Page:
As we would say in this Internet age, “Ouch.”
This little pamphlet garnered considerable attention when it was printed, no doubt because Mrs. Bellamy had some fame as an actress. The Critical Review noted that “Mr. Willett in these Letters defends himself from the accusations brought against him by Mrs Bellamy in her fifth Volume with great reason and some humour. The description of the lady in some situations and her letters in others leave impressions very different from those produced by her Apology…”
On the other hand, the English Review said, “His defence of himself as a man of business is indeed highly satisfactory. But we can by no means approve the style of his letters. It is rudely and peevishly acrimonious. The sex of Mrs. Bellamy and her misfortunes ought to have protected her against many of his insinuations. Nor would he have defended himself with less advantage if he had abstained from them. A simple state of the business without any comment would have justified him as completely and would have conduced more to his honour. Mr Willett does not here appear as a professed author and indeed as a composer he had no claim to commendation.”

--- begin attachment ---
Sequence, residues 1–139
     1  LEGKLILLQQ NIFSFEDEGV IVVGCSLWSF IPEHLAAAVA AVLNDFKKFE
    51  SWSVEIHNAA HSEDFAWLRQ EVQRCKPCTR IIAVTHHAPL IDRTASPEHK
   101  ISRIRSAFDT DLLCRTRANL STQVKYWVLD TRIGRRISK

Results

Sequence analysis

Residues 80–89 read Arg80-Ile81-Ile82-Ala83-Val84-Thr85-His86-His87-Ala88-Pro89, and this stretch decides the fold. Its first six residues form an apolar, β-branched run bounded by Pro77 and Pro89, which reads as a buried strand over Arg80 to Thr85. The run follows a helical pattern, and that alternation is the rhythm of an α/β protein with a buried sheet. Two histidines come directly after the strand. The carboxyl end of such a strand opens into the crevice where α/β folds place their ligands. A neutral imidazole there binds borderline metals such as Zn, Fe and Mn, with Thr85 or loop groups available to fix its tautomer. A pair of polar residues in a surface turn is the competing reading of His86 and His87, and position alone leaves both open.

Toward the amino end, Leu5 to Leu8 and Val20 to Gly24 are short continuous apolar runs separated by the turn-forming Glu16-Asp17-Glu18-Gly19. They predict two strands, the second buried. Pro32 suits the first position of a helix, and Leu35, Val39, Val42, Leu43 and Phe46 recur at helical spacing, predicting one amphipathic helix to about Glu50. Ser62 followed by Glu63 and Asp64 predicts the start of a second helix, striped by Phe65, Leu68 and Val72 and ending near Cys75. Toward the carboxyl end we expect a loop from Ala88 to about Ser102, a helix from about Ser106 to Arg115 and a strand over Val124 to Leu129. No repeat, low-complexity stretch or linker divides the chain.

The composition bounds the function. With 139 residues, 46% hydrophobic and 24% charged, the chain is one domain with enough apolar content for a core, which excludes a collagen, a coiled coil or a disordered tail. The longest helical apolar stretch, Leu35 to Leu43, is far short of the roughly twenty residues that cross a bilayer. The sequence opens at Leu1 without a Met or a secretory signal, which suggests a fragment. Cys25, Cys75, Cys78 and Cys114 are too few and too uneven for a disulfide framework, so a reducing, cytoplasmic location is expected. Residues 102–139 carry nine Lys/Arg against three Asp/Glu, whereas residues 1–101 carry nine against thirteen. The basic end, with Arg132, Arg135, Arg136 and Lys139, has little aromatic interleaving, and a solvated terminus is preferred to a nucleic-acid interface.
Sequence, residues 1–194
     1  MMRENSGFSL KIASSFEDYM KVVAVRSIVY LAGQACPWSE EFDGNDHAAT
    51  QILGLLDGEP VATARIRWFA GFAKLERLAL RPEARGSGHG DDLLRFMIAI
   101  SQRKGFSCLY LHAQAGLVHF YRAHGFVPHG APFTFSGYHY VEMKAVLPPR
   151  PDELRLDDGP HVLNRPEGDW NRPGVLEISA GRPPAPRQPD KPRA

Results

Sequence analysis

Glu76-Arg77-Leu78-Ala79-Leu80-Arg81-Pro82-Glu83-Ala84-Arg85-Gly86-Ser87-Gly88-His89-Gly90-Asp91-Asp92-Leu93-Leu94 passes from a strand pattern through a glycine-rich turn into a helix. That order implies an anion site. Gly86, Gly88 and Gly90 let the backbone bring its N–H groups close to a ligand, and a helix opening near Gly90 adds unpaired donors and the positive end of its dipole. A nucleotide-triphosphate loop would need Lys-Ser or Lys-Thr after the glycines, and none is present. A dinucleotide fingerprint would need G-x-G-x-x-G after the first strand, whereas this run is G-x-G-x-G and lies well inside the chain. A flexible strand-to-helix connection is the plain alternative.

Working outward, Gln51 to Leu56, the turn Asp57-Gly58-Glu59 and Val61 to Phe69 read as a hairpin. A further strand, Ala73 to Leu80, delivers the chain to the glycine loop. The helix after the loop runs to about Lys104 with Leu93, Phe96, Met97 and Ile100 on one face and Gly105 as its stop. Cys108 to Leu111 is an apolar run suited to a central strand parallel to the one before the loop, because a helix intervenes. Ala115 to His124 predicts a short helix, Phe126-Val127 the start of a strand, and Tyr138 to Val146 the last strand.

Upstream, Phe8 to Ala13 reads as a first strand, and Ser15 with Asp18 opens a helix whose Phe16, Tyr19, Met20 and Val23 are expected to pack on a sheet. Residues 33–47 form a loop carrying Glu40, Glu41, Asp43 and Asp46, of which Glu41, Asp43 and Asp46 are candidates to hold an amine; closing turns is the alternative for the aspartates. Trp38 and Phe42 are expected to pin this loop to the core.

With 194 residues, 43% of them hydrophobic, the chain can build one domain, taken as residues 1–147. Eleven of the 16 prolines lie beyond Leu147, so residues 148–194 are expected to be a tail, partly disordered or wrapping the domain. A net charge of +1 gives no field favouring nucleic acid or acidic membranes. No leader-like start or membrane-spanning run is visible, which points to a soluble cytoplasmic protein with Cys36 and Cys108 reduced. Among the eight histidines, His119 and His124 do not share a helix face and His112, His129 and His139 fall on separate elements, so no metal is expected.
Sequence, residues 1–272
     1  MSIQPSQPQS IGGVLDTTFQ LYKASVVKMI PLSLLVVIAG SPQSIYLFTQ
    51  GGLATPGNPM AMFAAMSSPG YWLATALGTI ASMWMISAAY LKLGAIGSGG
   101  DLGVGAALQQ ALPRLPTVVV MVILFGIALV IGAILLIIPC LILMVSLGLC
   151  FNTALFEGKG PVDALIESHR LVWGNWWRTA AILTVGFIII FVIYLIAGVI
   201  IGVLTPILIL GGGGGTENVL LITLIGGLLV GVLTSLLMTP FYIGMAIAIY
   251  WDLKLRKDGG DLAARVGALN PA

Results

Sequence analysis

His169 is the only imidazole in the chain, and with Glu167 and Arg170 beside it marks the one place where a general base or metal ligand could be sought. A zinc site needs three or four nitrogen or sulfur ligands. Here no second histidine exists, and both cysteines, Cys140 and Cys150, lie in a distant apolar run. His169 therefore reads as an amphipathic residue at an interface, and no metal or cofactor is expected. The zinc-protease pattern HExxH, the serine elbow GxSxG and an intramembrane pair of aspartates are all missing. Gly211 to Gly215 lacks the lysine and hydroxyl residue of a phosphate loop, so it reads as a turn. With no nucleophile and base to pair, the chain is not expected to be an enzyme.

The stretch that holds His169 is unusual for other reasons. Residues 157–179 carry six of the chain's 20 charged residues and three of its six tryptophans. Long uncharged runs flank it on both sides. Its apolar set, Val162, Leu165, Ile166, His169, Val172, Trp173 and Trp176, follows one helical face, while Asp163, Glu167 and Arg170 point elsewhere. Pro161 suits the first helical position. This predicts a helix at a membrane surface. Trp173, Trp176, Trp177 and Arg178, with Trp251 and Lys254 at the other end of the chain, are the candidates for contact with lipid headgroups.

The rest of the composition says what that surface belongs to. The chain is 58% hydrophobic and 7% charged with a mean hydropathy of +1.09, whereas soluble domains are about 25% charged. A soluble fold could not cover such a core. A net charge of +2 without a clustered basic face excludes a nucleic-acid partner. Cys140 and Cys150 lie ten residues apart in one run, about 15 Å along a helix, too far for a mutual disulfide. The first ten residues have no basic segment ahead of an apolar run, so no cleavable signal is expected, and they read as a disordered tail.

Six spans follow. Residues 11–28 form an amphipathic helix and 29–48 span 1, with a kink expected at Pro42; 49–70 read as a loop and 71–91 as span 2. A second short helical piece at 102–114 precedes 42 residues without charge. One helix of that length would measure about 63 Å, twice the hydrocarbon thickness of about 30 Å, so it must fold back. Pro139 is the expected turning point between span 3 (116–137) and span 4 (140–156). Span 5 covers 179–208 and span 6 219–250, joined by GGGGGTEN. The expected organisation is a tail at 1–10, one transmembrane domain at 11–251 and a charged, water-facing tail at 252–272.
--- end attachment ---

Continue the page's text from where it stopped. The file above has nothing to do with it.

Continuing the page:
And again, “Ouch!”
So there you have it. A brief foray into the world of a previous Edward Willett. Like me, he also wrote for publication, albeit apparently only this one thing. Still, thanks to the printing press originally and now the Internet, this one thing has come down to us over nearly two and a half centuries, keeping alive, in some small ways, the personalities of a long-gone age.
It makes one wonder if the things we write today, in pixels or in print, will likewise carry our name into the future.
If so, it is perhaps best that we all be friends with Mrs. Sincerity rather than Mrs. Duplicity, less SENTENCE! be passed on us all.